Joni March 07, 2012 at 08:46 PM
Bill - I agree - I have lived in the Murphey Candler area (note the spelling - a small pet peeve of mine ;-) for over 25 years and I have always considered myself to live in Atlanta and Brookhaven to be the in the area you describe. Actually last year was the first time I heard us called "north" Brookhaven. When asked where I live, I say Murphey Candler Park, but I get an eye glaze look so I tell them I am at northern tip of I285 near Perimeter Mall which is a nem 85% of the people recognize. I too believe that Brookhaven will no longer be Brookhaven if the cityhood is voted in. My small company (5,000 plus employees) was bought by a world wide larger company (too many to count). While it is a wonderful company, it is like no longer even being face in the crowd. I am afraid that is what will happen with Brookhaven, it will be come a dot in the middle of a boundary box therefore losing it's true identity. On a side note Murphey Candler is a very safe park, not sure why some of the C4ND/Brookhaven/Yes people say becoming a city will make it a safer place. I'm there most days and it is always busy and full of folks enjoying their day and with softball & baseball starting, it will be humming with activity for several months. Football will be starting inlate summer and will be busy for most of the fall/winter.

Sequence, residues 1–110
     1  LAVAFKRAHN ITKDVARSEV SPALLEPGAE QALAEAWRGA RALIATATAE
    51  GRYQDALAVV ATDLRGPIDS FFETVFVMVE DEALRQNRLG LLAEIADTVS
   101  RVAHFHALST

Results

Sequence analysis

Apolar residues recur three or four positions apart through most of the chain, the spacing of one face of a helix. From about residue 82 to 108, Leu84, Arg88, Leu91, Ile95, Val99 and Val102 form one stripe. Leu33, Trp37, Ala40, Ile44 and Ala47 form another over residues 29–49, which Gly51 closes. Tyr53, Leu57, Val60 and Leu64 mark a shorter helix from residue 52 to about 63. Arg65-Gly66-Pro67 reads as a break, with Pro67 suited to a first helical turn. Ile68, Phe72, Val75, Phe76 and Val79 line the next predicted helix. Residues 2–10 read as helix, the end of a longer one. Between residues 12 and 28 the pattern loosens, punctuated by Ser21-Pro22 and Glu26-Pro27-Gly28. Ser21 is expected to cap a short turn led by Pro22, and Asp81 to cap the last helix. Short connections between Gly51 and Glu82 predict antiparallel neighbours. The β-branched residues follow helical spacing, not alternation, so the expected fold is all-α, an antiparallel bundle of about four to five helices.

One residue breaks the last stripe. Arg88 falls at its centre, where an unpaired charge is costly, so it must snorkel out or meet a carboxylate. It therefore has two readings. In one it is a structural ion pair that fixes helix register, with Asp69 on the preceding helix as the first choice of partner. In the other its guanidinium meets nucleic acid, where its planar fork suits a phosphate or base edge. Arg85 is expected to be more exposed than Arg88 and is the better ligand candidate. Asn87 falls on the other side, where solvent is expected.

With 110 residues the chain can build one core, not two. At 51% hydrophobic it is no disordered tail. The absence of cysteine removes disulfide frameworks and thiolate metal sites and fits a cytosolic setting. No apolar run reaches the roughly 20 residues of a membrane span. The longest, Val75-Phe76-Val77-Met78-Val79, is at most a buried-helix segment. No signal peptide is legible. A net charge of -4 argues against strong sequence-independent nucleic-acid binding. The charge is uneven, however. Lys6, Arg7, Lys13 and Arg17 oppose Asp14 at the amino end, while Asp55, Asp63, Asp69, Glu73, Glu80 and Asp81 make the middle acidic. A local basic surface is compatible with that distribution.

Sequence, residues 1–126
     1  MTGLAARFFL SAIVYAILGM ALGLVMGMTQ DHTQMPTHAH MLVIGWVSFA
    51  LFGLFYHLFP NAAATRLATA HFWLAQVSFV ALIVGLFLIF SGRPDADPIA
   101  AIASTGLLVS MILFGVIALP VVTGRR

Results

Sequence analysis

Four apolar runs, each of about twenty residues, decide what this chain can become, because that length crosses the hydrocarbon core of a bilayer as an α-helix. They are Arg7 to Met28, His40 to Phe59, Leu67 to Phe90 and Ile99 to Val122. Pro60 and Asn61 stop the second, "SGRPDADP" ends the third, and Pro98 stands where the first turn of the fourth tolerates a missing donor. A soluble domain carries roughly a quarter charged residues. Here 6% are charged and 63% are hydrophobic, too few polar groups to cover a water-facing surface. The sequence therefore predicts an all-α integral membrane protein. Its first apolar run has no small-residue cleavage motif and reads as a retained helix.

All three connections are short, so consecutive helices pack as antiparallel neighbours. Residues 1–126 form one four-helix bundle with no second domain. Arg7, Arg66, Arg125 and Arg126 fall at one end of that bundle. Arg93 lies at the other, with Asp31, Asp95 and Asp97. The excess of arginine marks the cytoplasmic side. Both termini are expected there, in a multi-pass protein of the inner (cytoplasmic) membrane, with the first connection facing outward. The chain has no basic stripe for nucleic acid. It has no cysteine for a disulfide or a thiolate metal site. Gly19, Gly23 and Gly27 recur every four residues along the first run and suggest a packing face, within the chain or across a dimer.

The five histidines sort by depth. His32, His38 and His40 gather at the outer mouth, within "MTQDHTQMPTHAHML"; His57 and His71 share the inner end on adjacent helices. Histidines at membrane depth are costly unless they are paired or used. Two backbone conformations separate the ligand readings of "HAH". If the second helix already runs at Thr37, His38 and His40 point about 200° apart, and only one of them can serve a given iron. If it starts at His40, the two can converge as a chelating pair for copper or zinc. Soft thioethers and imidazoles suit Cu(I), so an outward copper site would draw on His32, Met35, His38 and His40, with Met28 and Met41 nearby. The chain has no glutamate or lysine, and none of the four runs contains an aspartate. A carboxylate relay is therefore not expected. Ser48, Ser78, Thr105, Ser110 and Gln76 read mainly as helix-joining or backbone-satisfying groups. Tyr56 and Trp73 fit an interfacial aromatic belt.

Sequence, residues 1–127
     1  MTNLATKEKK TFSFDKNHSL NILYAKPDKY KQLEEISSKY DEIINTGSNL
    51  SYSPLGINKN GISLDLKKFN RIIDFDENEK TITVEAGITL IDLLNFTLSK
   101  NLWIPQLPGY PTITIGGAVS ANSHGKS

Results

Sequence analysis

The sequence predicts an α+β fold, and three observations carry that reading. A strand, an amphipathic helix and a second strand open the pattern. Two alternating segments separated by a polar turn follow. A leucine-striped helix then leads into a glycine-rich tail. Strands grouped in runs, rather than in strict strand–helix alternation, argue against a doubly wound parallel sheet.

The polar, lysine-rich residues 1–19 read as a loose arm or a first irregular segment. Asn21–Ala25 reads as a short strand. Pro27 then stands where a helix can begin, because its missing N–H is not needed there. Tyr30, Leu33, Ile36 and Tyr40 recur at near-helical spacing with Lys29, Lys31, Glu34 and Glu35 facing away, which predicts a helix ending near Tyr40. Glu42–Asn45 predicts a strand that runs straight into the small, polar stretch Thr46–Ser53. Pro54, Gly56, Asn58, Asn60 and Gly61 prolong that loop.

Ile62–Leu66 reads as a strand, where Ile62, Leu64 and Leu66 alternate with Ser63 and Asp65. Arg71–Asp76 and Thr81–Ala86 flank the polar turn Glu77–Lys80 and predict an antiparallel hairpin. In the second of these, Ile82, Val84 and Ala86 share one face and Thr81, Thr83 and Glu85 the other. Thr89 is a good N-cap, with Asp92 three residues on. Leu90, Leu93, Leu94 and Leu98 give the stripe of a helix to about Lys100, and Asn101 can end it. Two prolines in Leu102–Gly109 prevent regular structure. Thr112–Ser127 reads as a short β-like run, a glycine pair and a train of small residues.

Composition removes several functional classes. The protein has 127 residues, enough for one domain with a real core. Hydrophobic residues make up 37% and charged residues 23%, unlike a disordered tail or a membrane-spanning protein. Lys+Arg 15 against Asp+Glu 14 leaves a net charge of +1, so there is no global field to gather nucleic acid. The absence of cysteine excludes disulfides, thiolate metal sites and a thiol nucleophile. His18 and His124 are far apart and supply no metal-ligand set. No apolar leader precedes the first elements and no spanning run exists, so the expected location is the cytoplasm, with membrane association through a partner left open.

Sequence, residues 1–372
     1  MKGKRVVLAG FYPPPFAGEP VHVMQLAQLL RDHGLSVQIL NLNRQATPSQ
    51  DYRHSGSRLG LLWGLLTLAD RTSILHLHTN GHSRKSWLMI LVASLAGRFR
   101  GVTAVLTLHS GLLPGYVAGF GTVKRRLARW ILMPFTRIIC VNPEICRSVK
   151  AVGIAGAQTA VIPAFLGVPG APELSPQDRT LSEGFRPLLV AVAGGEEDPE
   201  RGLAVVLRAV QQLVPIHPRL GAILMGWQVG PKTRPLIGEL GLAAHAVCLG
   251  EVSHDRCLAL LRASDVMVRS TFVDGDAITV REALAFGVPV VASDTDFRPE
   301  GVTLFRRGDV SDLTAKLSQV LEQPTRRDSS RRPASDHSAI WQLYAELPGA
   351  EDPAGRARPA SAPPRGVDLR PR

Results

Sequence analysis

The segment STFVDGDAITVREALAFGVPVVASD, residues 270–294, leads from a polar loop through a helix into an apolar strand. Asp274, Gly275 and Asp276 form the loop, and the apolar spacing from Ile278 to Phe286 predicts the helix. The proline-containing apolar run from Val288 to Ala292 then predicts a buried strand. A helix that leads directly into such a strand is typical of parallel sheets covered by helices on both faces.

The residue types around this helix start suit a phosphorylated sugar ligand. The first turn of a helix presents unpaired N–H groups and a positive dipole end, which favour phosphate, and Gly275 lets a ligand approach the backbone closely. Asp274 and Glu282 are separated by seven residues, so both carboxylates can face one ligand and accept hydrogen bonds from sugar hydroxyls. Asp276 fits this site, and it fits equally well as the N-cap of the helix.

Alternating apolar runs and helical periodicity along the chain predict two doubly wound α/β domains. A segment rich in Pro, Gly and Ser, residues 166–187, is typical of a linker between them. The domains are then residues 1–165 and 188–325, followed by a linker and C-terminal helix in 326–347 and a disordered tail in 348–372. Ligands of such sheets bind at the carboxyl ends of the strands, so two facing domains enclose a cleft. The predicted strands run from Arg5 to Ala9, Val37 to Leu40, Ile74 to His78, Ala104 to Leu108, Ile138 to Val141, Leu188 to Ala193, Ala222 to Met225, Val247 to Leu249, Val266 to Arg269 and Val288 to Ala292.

Carl Childers March 07, 2012 at 08:50 PM
Using the logic that Brookhaven borders can move around and around, my vote is we name it the City of Uganda. Uganda had a hotdog stand back in the early 1300's right next to a babbling brook. One day, it began to rain very hard and therefor the hotdog stand became a safe haven. Thus, there was a haven, near a brook, so either we should rename Uganda or name this silly city - City of Uganda. THis is really how ridiculous this city hood has become. As more time goes by, it does become quite comical. I always have hope that those who lead me and represent me will be smarter than me. Still waiting.
Bill Lowe March 07, 2012 at 09:06 PM